House of Commons Hansard #135 of the 37th Parliament, 2nd Session. (The original version is on Parliament's site.) The word of the day was c-17.

Topics

Former Privacy Commissioner
Oral Question Period

2:45 p.m.

Thornhill
Ontario

Liberal

Elinor Caplan Minister of National Revenue

Mr. Speaker, the member opposite knows that I cannot speak to any individual case.

What I can tell him is that the bankruptcy laws apply to everyone in Canada equally. For anyone who makes a proposal in bankruptcy which involves the Canada Customs and Revenue Agency, CCRA then becomes a creditor like any other.

I will say to the member on the proposal in bankruptcy that, in my understanding, the timeline, which is public information, was long before; that was completed long before the decision on the appointment.

Former Privacy Commissioner
Oral Question Period

2:50 p.m.

Canadian Alliance

Ken Epp Elk Island, AB

Mr. Speaker, it is pretty hard to believe that on July 26 George Radwanski knew nothing about the job and on July 27 he got the job.

Unless he misrepresented the facts, there is no doubt that the agency knew he was about to step into a $210,000 per year job. It should have rejected the deal and forced him to pay his back taxes.

Now, will the minister take the necessary steps to reopen this file and to recover the money?

Former Privacy Commissioner
Oral Question Period

2:50 p.m.

Thornhill
Ontario

Liberal

Elinor Caplan Minister of National Revenue

Mr. Speaker, what I can say is that the member opposite is wrong in his assumption. If he looks very carefully at the timeline of the information, which is in the public domain, he will know that in fact the efforts of CCRA were appropriate. We treat everyone equally and fairly under the bankruptcy act and the Income Tax Act, which we administer, and where anyone has any concerns or complaints we always investigate to ensure that people pay their fair share.

The Environment
Oral Question Period

2:50 p.m.

Bloc

Jean-Yves Roy Matapédia—Matane, QC

Mr. Speaker, with regard to the Belledune project, the Minister of Fisheries and Oceans said yesterday that if ever, and I quote, “any specific information were to come to light indicating harmful effects, we would take the necessary steps”.

Did the Minister of Fisheries and Oceans not just admit that, under the Fisheries Act, he has the means to act after the fact; what then is stopping him from acting before the fact?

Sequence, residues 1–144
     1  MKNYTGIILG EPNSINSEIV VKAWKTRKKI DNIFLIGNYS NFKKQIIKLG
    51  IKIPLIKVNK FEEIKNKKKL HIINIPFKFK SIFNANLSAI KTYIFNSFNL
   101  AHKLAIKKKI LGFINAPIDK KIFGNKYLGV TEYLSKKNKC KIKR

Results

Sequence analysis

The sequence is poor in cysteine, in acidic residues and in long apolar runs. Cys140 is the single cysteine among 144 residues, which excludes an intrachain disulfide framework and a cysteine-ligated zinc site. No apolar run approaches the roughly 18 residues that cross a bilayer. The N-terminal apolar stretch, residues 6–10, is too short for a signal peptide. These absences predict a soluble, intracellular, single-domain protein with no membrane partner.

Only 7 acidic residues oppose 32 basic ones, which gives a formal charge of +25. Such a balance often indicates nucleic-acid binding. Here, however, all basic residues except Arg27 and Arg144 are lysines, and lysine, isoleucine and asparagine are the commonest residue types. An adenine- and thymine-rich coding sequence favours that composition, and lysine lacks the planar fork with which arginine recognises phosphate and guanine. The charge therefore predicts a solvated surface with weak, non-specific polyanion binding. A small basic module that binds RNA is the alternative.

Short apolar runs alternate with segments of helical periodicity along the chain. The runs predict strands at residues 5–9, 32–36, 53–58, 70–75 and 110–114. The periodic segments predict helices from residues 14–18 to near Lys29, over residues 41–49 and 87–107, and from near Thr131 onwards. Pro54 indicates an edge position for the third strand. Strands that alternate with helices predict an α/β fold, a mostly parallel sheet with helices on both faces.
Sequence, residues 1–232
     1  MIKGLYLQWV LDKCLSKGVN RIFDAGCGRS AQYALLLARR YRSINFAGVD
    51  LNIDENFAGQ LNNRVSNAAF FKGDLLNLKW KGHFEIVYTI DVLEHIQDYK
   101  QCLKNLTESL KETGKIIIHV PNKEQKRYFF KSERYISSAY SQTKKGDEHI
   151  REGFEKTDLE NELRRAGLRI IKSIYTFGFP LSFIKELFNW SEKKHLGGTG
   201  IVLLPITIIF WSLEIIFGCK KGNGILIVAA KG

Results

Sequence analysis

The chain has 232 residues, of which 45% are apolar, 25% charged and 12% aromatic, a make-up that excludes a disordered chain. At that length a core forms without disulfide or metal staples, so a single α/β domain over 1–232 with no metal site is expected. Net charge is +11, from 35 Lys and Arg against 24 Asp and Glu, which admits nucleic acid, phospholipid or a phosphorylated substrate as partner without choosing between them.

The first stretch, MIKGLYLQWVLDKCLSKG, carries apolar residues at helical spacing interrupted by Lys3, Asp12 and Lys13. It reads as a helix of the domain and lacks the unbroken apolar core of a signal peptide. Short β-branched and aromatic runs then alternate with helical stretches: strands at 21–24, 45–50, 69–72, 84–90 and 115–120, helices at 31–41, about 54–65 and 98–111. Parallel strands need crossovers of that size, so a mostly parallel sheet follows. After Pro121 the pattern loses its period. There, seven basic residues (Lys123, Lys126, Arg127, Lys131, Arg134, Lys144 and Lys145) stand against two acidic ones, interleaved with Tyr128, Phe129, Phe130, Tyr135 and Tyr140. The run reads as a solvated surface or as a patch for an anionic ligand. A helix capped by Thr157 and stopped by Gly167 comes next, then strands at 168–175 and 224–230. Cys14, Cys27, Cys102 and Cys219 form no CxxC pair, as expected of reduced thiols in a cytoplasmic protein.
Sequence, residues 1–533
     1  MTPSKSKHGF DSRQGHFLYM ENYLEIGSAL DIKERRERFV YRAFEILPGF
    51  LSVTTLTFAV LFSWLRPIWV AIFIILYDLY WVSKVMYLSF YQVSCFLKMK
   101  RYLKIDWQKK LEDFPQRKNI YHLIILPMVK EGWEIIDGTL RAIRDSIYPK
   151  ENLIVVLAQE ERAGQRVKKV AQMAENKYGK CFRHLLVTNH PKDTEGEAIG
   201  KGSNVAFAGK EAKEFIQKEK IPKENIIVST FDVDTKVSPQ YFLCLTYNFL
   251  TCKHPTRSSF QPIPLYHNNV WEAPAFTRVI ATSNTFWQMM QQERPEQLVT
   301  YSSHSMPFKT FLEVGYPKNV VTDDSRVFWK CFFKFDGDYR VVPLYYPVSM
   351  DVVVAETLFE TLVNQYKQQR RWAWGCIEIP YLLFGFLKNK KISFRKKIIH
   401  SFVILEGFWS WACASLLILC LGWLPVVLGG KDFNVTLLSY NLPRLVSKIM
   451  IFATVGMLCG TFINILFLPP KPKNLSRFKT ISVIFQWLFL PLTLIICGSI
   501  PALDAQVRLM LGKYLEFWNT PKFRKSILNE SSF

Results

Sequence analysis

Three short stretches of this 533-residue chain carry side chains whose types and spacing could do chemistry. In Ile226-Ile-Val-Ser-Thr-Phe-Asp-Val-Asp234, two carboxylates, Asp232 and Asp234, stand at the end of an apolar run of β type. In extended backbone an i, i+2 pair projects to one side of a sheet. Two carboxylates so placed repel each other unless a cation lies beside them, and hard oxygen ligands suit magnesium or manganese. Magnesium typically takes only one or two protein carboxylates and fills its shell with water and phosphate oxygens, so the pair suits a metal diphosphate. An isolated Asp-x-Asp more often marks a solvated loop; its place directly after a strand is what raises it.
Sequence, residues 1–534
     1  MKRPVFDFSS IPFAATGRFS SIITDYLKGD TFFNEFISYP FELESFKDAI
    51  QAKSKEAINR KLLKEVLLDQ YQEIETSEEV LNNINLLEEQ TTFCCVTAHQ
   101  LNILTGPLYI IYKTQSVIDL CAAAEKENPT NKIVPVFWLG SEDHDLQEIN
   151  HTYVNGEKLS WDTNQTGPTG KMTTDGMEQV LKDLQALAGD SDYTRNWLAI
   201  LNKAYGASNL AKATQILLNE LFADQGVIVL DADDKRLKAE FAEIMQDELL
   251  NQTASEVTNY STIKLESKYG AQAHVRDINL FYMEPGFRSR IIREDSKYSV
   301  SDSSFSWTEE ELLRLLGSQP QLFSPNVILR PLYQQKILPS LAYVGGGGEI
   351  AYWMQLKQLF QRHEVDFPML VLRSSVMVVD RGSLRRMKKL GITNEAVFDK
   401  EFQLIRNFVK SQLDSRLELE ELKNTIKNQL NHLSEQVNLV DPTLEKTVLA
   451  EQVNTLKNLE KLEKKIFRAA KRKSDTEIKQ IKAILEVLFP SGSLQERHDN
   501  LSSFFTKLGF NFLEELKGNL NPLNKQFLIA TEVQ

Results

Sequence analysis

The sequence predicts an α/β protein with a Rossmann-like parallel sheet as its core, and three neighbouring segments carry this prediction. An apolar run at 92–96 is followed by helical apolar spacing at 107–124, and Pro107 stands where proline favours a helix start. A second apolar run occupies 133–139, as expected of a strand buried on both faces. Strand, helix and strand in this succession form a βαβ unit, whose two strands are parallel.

The Environment
Oral Question Period

2:50 p.m.

West Nova
Nova Scotia

Liberal

Robert Thibault Minister of Fisheries and Oceans

Mr. Speaker, I realize that the hon. member has problems with this project and that he does not like it. There are always complaints and problems, whether it be an incinerator, an oil refinery, a pulp and paper mill or an aluminum plant. I cannot misuse federal powers to interfere in provincial jurisdiction. The province is going forward with this project, and we respect the Province of New Brunswick.

The Environment
Oral Question Period

2:50 p.m.

Bloc

Jean-Yves Roy Matapédia—Matane, QC

Mr. Speaker, the Fisheries Act is a federal responsibility. Resource protection is a federal responsibility.

The people of Belledune are concerned. All the communities along Chaleur Bay fear the negative impact of this project on the resource.

Does the minister not think that there should be a moratorium on Bennett's project in Belledune, and that an ounce of prevention is worth a pound of cure?

The Environment
Oral Question Period

2:50 p.m.

West Nova
Nova Scotia

Liberal

Robert Thibault Minister of Fisheries and Oceans

Mr. Speaker, in the first proposal for Belledune, there was a plan to discharge water into Chaleur Bay. That required a response as it would have had an impact on the habitat. The department was required to respond. The project was amended to include a closed system, and no waste water will be discharged into the water at Belledune. Therefore, the department has no jurisdiction here.

Agriculture
Oral Question Period

2:50 p.m.

Canadian Alliance

Rick Casson Lethbridge, AB

Mr. Speaker, the Canadian Cattlemen's Association and the U.S. beef association are both calling for the harmonization of health standards in cattle. Industry on both sides of the border is in agreement. Harmonized health standards are essential to an open border and normal trade.

Why will the government not listen to industry, accept the science, remove the barriers and get the border open?